Meanwhile, legislators have introduced two new bills that would make homosexual acts punishable by jail time or worse. One bill, known as the “Kill the Gays Bill,” was drafted by Senator Jewel Taylor, wife of former dictator Charles Taylor, and calls for a minimum of 10 years in jail and a maximum of the death sentence for engaging in homosexual acts.
The catalyst for recent events was Hillary Clinton’s now famous speech in Geneva to mark the UN’s Human Rights Day in which she declared gay rights to be human rights and outlined steps she was taking as secretary of state to use US foreign policy to promote the protection of lesbian, gay, bisexual and trans communities.
Horton was so moved by the speech she cried, but at the same time it gave her an uneasy feeling. “America has beautiful rhetoric,” she says, “and I think her commitment is genuine. But I can’t take any Western politician seriously. It’s all political. We know in Africa that they have arbitrary application standards. It’s hard to miss when you’re on the receiving end.”
And indeed, many Liberians took the speech as an admission that the US was meddling in internal politics: pushing a pro-West, pro-homosexual, “colonial” agenda. Last October, British Prime Minister David Cameron provoked a similar backlash when he said he’d cut British aid budgets to countries that persecute homosexuals.
It is commonly argued that homosexuality is at odds with “traditional” African culture. Leaders such as Zimbabwe’s Robert Mugabe have called homosexuality a Western invention. There are many country-specific cases that dispel this myth, the least of which is that many countries, more than 30 in sub-Saharan Africa, continue to enforce laws created by colonial regimes outlawing homosexuality and “sodomy” — laws that have since been abandoned in the European countries that created them.
When Sirleaf says, “We like ourselves just the way we are,” it’s a signal to constituents that she will not rock the boat. On the other hand, there’s no indication she will support a law that condemns gays to death.
Liberia is not the first African country to engage in this debate. Horton blames politicized Christianity, which she believes unites recent legal attacks on gays in countries as diverse as Uganda, Malawi, Nigeria and Liberia, countries on opposite sides of the continent but connected, Horton believes, by “a new virulently homophobic religion.” It’s a kind of Christianity pushed by adherents in the West that is finding fertile ground in places with quickly growing church populations and corrupt lawmakers.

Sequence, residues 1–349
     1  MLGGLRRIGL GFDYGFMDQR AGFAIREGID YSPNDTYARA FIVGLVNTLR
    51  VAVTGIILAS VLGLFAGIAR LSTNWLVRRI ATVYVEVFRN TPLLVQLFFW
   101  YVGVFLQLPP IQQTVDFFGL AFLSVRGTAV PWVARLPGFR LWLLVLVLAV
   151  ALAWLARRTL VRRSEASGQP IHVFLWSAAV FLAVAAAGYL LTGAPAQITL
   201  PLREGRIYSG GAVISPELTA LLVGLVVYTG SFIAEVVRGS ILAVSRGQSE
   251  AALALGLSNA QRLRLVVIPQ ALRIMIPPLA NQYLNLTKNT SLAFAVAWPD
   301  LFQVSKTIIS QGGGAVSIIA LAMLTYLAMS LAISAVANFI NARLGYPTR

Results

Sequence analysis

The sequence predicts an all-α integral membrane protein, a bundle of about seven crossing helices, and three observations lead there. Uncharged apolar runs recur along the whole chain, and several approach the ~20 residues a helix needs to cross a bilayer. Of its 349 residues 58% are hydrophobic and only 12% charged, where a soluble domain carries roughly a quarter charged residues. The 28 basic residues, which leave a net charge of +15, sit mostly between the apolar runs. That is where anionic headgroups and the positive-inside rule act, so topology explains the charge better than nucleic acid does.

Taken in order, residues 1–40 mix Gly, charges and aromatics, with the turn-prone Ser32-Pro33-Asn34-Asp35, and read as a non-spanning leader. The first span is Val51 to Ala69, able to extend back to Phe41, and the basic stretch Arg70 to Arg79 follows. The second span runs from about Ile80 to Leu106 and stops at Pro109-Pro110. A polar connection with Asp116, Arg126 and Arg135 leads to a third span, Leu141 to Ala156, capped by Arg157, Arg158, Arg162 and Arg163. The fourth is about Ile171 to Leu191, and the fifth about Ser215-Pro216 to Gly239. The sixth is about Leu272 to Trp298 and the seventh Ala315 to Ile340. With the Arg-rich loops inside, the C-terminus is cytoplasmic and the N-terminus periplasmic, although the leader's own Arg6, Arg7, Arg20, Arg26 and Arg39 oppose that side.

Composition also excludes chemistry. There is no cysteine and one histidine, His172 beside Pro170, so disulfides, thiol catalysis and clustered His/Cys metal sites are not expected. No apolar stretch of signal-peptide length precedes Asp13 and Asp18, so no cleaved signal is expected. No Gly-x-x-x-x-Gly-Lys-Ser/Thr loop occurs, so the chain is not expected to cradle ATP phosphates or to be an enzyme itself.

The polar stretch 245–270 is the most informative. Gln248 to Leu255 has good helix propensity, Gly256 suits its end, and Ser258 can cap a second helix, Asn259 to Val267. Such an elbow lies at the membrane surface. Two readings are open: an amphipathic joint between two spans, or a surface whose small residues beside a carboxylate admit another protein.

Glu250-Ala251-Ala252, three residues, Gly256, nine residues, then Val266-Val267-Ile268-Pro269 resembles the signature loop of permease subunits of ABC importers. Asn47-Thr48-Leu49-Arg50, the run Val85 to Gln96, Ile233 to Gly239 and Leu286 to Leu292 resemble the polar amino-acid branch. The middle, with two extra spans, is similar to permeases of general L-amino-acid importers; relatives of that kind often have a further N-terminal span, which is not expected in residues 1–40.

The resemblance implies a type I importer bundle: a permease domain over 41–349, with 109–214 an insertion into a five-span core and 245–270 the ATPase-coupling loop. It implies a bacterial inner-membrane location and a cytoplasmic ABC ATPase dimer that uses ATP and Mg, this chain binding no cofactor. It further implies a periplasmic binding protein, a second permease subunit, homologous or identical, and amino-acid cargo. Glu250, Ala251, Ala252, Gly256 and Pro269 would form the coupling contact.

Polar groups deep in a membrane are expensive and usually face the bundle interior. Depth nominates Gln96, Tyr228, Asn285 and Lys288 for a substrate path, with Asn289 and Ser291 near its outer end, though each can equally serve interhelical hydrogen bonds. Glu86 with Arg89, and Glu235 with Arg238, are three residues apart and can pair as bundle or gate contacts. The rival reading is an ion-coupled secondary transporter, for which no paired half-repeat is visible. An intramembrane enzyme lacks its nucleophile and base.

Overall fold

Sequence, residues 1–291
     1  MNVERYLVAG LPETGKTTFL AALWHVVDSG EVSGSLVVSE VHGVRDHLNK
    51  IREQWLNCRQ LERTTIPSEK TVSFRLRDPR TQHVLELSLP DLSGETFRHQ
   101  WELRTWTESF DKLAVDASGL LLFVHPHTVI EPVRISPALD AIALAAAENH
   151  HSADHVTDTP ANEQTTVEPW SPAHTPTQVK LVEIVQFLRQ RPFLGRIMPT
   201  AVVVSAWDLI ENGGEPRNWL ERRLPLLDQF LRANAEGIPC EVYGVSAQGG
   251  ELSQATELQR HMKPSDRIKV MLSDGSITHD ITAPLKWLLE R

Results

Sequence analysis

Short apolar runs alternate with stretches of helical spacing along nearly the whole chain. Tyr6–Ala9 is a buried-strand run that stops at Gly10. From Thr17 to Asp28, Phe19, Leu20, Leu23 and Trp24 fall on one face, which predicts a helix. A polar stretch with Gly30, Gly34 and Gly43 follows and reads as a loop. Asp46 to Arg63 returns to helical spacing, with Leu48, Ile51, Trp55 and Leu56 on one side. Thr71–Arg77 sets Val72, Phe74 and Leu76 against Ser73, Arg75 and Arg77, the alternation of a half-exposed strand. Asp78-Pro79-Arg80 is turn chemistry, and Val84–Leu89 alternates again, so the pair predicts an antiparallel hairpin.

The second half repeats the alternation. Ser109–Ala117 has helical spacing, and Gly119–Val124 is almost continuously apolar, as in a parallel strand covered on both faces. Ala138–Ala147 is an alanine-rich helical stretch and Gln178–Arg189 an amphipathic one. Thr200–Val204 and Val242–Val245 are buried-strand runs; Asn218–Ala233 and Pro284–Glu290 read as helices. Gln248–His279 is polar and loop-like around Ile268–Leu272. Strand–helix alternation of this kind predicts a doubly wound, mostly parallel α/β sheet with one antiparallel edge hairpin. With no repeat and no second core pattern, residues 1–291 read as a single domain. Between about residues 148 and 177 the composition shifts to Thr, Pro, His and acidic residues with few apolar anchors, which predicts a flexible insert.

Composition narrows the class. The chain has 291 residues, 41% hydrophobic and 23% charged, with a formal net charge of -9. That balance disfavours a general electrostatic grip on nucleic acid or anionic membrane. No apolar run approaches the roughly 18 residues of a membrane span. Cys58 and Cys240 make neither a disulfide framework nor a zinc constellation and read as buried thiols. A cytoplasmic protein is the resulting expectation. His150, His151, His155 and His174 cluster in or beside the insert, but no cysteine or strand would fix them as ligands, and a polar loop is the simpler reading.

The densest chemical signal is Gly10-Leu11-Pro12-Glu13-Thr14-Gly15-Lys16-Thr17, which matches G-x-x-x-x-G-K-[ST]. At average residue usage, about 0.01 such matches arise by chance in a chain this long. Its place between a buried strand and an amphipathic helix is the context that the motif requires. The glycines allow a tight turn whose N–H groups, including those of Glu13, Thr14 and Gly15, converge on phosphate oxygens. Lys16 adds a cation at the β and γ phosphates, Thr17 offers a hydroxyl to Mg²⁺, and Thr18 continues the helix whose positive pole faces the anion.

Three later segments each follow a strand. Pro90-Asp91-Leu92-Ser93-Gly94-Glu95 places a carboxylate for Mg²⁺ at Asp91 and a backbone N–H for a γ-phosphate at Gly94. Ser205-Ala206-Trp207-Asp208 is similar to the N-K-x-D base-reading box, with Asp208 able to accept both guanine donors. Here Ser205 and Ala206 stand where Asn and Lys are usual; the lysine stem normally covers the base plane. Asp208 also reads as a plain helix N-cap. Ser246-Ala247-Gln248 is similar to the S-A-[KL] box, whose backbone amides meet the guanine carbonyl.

Horton is not alone in this belief. In Massachusetts, where non-citizens can sue Americans for violations of international law, the human rights organization Sexual Minorities Uganda is suing American pastor Scott Lively, accusing the evangelist of “helping spread propaganda and violence” against gays in Uganda for his alleged role in helping draft that country’s harsh anti-gay law.
Both the UK and the United States have now said they will consider a country’s treatment of sexual minorities when allocating aid. But what about Canada?
According to a spokesperson in the office of Bev Oda, minister for international cooperation, “Canada takes human rights, including the persecution of LGTBQ individuals, into consideration when determining the most effective distribution of aid.”
When asked what that means in specific cases, the spokesperson says, “I can’t speculate on hypothetical developments, but I assure you, Minister Oda will continue to consider the human rights situation, including the rights of LGBTQ individuals, when distributing Canadian aid.”
Meanwhile, Horton doesn’t know if Gbowee personally read her letter, but her sources in Liberia tell her it was widely read there. Though it has received plenty of attention both internationally and in Liberia, Horton has yet to hear any official response.